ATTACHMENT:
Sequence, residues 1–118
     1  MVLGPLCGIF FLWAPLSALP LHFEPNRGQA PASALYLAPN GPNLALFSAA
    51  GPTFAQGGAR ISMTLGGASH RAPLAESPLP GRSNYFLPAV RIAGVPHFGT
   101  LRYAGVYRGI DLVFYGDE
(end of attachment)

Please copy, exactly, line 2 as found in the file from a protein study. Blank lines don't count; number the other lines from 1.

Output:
     1  MVLGPLCGIF FLWAPLSALP LHFEPNRGQA PASALYLAPN GPNLALFSAA